I’m sure there will be mixed comments on this, but it makes sense for several reasons:
- Gender equity
As noted in a previous blog, US emergency rooms treated an average of more than 12,000 injuries each year between 2002 and 2012, and the trend is increasing. (1)
Health insurance costs being what they are, how does requiring employees to wear heels make any sense?
So, one Canadian province has taken action. (2) The government of British Columbia has stipulated that employers can no longer require high heels as part of a work dress code.
Very intelligent. No wonder people live longer in Canada.
This discussion calls to mind a classic issue that has arisen in relation to motor cycle helmets, seat belts, physical fitness, impaired driving, and vaccines — an individual’s actions affect others.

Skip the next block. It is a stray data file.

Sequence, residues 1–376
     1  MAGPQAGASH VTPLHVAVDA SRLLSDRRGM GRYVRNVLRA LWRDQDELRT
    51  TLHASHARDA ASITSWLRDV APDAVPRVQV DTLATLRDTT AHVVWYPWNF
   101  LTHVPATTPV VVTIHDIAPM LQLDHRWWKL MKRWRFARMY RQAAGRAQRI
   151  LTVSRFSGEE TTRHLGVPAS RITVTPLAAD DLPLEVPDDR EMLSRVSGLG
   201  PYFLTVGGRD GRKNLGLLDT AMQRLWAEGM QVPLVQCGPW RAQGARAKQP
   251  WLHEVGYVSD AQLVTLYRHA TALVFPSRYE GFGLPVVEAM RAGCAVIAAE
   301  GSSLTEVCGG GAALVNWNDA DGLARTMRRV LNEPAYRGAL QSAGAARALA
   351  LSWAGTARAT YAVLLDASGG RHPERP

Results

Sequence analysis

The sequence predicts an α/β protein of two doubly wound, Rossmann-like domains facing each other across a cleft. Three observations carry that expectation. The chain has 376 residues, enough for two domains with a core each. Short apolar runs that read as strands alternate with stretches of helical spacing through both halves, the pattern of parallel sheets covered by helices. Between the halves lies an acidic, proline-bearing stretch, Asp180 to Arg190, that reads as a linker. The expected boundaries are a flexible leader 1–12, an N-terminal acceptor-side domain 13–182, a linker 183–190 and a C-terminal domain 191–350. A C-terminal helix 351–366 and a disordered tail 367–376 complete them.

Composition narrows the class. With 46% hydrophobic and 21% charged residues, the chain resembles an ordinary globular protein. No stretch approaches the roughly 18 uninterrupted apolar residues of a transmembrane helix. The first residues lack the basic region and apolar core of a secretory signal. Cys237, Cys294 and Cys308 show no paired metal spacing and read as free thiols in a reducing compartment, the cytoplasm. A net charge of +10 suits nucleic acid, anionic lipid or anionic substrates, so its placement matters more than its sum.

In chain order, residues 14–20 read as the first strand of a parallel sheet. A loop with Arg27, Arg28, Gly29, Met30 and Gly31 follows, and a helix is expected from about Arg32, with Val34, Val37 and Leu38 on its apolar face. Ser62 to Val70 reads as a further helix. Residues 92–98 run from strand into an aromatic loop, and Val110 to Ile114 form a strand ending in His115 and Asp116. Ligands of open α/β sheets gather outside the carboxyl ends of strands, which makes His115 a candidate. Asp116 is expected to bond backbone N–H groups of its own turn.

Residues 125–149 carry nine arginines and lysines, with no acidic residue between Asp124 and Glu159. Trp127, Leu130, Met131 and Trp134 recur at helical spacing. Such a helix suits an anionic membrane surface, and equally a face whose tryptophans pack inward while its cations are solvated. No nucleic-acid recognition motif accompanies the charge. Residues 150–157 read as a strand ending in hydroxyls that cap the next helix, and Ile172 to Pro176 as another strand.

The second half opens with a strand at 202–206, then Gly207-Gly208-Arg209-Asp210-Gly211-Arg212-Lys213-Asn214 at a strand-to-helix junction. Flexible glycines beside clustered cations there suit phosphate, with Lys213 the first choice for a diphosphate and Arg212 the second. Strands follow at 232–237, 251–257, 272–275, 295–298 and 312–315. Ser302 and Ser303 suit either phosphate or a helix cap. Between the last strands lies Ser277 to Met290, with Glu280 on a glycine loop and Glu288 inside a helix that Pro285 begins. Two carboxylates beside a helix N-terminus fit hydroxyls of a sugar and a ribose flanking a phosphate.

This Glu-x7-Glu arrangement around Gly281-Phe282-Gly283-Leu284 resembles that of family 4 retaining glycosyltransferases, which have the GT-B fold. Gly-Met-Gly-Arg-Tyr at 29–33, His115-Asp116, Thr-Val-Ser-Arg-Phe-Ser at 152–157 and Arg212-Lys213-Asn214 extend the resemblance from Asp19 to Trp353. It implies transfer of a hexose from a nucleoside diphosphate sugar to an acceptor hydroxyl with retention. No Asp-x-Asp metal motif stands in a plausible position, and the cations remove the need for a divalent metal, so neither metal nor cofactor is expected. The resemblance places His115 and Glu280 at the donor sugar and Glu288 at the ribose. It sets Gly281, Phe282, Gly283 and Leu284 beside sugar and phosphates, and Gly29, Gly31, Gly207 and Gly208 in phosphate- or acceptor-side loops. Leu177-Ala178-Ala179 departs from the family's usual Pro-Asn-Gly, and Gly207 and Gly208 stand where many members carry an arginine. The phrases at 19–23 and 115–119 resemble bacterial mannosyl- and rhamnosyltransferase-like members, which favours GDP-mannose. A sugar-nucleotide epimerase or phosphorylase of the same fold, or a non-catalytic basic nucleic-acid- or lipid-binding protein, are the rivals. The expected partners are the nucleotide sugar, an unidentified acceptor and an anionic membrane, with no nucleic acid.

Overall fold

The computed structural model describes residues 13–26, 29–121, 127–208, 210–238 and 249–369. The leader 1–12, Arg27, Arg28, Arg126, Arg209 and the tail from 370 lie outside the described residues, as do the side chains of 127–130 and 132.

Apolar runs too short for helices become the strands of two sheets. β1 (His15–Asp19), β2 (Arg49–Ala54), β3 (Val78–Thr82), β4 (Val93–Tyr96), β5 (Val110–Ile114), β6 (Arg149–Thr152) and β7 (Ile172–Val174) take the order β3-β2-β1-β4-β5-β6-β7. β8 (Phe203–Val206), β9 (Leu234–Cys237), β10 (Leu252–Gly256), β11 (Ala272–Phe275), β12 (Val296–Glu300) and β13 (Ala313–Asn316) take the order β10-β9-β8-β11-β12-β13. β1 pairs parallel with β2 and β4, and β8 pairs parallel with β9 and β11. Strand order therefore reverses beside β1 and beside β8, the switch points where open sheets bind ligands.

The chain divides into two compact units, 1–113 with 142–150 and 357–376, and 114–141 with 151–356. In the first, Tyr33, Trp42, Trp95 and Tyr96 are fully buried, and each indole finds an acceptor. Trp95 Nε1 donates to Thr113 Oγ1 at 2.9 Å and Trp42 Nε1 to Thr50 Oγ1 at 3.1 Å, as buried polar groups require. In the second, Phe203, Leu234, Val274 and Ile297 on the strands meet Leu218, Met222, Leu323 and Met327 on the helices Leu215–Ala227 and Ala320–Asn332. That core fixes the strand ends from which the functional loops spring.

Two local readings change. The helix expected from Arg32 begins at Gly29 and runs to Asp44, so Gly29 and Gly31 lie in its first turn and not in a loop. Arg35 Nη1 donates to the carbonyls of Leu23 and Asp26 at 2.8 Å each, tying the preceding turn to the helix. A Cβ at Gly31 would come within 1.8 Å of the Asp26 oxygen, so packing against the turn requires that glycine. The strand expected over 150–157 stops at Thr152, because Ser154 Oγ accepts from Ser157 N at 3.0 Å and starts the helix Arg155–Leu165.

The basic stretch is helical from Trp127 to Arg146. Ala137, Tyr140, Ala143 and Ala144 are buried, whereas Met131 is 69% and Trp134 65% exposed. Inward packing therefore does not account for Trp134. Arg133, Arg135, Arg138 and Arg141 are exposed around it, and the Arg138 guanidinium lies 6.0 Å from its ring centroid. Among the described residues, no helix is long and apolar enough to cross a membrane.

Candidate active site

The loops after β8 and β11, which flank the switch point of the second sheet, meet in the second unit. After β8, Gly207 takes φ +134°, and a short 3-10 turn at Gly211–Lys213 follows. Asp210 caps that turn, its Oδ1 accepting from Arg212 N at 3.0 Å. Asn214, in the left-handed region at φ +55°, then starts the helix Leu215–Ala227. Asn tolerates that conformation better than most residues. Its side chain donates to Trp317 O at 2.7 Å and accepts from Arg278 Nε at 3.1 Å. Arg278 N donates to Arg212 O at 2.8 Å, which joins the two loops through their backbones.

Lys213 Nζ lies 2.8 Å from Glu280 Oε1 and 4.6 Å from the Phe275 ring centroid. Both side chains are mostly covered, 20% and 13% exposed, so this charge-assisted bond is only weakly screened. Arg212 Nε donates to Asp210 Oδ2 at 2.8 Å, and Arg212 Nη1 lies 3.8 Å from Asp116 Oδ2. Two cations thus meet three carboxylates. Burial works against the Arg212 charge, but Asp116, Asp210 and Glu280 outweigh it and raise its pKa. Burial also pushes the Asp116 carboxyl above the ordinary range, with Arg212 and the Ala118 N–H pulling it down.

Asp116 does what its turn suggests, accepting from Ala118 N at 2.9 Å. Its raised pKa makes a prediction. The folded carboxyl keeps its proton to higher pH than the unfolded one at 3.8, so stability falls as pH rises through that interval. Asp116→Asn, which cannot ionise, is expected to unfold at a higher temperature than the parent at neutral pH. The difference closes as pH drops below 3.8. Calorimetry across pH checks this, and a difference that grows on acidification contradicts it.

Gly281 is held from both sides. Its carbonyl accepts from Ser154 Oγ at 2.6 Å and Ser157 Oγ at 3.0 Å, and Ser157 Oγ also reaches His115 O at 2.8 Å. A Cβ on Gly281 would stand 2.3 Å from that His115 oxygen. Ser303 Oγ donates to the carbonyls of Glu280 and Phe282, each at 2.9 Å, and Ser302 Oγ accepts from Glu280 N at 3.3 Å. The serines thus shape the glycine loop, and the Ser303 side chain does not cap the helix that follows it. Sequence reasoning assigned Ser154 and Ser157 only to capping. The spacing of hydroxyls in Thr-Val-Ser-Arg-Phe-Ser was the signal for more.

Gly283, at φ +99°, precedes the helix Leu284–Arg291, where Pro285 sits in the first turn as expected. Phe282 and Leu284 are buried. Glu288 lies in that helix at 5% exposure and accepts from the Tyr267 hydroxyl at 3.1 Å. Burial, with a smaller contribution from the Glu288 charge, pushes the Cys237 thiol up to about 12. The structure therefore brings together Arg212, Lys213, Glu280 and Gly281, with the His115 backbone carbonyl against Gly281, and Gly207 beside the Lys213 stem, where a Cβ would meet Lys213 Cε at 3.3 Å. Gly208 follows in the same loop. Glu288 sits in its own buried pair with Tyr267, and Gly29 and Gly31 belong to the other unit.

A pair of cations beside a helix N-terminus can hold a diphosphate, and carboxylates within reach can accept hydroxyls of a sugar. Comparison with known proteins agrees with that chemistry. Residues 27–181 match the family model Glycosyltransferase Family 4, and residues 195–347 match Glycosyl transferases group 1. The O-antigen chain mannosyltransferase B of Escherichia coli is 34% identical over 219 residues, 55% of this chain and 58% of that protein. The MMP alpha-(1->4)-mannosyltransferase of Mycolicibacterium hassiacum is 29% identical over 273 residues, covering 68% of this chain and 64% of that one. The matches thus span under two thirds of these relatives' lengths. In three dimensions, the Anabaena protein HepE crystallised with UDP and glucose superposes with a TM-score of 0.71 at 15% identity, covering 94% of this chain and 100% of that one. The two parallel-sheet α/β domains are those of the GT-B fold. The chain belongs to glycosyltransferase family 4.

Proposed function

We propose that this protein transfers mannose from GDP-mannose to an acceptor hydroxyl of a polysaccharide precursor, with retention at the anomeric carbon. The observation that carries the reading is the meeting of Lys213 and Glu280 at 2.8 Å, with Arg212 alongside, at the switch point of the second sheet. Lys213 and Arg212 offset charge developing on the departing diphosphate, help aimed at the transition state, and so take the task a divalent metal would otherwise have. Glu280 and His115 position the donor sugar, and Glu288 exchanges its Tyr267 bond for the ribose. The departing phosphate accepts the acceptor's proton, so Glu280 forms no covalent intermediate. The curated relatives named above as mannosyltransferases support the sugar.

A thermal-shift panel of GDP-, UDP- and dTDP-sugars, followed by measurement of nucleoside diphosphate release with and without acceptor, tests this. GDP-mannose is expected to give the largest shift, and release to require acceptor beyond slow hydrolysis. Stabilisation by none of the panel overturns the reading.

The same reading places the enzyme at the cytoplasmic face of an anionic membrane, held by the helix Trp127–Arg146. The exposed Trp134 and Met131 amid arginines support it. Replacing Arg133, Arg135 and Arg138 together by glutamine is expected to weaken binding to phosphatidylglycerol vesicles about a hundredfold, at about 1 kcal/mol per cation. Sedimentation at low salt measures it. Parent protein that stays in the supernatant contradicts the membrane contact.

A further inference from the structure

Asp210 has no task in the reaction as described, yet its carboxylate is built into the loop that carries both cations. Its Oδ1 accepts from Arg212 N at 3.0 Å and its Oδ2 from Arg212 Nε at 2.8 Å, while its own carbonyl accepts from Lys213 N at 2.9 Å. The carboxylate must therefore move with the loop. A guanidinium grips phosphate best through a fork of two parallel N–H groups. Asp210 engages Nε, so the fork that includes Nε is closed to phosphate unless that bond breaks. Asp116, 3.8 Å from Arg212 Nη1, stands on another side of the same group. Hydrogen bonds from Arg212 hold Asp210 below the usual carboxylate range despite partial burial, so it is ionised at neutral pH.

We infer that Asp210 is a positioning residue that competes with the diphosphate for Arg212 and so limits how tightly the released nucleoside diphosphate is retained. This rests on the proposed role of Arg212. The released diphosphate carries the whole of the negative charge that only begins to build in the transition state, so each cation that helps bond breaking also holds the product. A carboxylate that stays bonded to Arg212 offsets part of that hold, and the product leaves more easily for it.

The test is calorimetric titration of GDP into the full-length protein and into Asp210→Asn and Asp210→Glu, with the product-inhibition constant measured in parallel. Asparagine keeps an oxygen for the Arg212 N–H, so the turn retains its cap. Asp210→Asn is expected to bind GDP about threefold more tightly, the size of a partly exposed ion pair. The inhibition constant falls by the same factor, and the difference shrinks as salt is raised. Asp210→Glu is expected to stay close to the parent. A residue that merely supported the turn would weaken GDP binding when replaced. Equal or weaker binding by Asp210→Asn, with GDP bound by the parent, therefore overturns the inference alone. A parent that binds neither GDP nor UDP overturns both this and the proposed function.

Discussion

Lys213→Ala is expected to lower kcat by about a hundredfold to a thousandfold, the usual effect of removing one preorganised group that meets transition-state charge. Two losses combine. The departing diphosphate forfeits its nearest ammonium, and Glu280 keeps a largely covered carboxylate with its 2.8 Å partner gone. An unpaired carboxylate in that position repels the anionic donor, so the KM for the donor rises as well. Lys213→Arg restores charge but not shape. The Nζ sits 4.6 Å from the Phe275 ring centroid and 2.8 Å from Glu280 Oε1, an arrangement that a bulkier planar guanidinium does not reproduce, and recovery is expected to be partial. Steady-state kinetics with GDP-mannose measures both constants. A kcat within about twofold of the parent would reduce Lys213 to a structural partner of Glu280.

What do you do when one person’s choice can raise health insurance costs for everyone else? Each person who pursues a risky behavior adds a small increment to the costs borne by health insurers, and the little pieces add up. Of course, the health insurer response is to raise rates to cover these costs. Everyone who has insurance pays more.
US public policy in this area is at best erratic. Some rules support individual liberty; some what is best for the majority. Very inconsistent.
- Mary Elizabeth Dallas, “Injuries from high heels on the rise,” Spectrum Health Healthbeat, 13 JUne, 2015. http://healthbeat.spectrumhealth.org/injuries-from-high-heels-on-the-rise/
- Jamie Feldman, “New Canadian Law Bans Mandatory High Heels At Work,” Huffington Post, 10 April 2017. http://www.huffingtonpost.com/entry/high-heels-at-work_us_58eba4b9e4b0c89f9120220c?arq&utm_medium=email&utm_campaign=Lifestyle%20041017&utm_content=Lifestyle%20041017+Version+A+CID_8acfd2db7513e868287551b794356c32&utm_source=Email%20marketing%20software&utm_term=Read%20more&%20041017